Caversham, Berkshire facts for kids
|Area||6.64 km2 (2.56 sq mi)|
|Population||23,885 (2011 census)|
|• Density||3,597/km2 (9,320/sq mi)|
|OS grid reference|
|Sovereign state||United Kingdom|
|EU Parliament||South East England|
Caversham is a suburb in the Borough of Reading, a unitary authority, in the royal, non-administrative county of Berkshire, England. Caversham occupies much of the land of a geographically large village of the same name founded in the Middle Ages. It lies on the north bank of the River Thames, opposite the rest of Reading. Caversham Bridge, Reading Bridge and Caversham Lock (pedestrians only) provide crossing points, with Sonning Bridge also available a few miles east of Caversham.
Caversham has at Caversham Court foundations of a medieval house, a herb garden and tree-lined park open to the public at no charge, Caversham Lakes and marking its south and south-east border the Thames Path National Trail.
Caversham extends from the River Thames flood plain to just south of the Chilterns. Its named neighbourhoods are arbitrary divisions, as green space is scattered throughout and forms an outlying buffer zone. These are Emmer Green (on postal district and on historic boundaries), Lower Caversham or Caversham (town/proper), Caversham Heights and Caversham Park Village (which is closer to the centre of Emmer Green than the main amenities or high street of Caversham). With the exception of the centre of Caversham and Emmer Green, which were traditional villages, most of the development occurred during the 20th century.
At the 2011 census the proportion of homes that were rented as opposed to owned was close to 50% of the average for the borough. The area had 15.3% of Reading's population and 16.4% of the borough's area. In keeping with a suburb, in 2005 ONS land use statistics published with the census, Caversham had 4.3% of the non-domestic buildings. Almost wholly low rise where developed, its homes occupied 20.6% of the footprint of all homes in the borough.
The name of Caversham in 1066 was Caveham. The first written description of Caversham as Cavesham appeared in the Domesday Book within the hundred of Binfield. This entry indicates that a sizeable community had developed with a considerable amount of land under cultivation.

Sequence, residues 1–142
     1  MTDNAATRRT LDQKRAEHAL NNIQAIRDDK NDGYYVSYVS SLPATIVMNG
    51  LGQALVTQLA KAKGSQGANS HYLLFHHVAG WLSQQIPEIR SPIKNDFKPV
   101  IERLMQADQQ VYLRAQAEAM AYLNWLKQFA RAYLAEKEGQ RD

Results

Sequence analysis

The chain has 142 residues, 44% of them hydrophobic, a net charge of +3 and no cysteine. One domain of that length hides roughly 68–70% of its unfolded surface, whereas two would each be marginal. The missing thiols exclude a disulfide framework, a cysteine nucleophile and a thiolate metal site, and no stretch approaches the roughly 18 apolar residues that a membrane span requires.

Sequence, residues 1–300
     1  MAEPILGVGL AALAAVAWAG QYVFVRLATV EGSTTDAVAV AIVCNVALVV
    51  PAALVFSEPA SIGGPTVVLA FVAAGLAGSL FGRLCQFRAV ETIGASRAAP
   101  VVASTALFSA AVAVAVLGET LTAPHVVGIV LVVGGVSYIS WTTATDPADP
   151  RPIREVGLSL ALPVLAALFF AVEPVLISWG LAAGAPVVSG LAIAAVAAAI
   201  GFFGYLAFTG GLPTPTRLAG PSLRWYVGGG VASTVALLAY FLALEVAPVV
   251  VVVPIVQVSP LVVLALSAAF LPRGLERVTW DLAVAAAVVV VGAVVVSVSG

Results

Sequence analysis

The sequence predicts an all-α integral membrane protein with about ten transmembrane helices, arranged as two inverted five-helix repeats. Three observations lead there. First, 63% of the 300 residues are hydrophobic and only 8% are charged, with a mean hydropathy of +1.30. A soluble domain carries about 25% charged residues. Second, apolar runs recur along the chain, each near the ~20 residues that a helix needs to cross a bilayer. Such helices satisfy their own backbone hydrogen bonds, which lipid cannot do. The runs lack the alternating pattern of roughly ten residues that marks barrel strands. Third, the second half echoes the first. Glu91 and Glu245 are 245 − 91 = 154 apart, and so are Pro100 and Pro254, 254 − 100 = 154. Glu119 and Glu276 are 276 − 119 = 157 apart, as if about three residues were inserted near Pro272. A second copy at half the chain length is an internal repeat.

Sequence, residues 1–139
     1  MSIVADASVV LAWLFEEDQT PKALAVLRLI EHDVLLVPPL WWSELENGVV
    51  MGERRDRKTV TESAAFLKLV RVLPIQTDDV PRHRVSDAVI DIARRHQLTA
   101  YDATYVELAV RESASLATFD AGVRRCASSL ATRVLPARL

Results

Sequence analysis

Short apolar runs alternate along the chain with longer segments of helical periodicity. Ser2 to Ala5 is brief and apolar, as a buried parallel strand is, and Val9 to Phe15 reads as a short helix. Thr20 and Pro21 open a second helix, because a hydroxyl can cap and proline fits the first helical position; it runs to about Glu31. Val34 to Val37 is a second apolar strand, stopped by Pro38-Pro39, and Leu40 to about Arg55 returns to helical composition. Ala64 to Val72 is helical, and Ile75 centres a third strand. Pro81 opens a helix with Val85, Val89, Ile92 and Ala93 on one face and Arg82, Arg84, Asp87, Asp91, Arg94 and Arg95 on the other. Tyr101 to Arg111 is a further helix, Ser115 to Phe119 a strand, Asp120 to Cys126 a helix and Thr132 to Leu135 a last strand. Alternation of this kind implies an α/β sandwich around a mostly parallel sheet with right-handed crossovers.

Some time before 1106 a Shrine of Our Lady was established in Caversham. Its precise location is unknown, but it may have been near the present St Peter's Church. It became a popular place of pilgrimage, along with the chapel of St. Anne on the bridge and her well, whose waters were believed to have healing properties. By the 15th century the statue was plated in silver; Catherine of Aragon is recorded as visiting on 17 July 1532. The shrine was destroyed on 14 September 1538 under the orders of Henry VIII. Only the well survives, now dry and surrounded by a protective wall, topped with a domed iron grill. A modern shrine to Our Lady has been re-established at the Roman Catholic Church of Our Lady and St. Anne.
The medieval community was clustered on the north side of Caversham Bridge east of St. Peter's Church, which was built in the 12th century. The third Earl of Buckingham donated the land for the church and neighbouring rectory, together with a considerable amount of land around it, to the Augustinian Abbey of Notley near Long Crendon in Buckinghamshire. After the Dissolution of the Monasteries, these lands were given to Christ Church, Oxford. The rectory stood in what is now Caversham Court park and herb garden where there are remains with information panels and flat foundation stones as well as a ha ha wall below giving a view over the River Thames and much of Reading and Tilehurst.
In the Civil War there was fierce fighting around Caversham Bridge for a short time in April 1643. Reading had been held by Royalists and was besieged by a Parliamentary force under the Earl of Essex. Royalists marched south from Oxford to try to relieve the town's defenders but were heavily defeated, and the town fell to the Parliamentarians a few days later.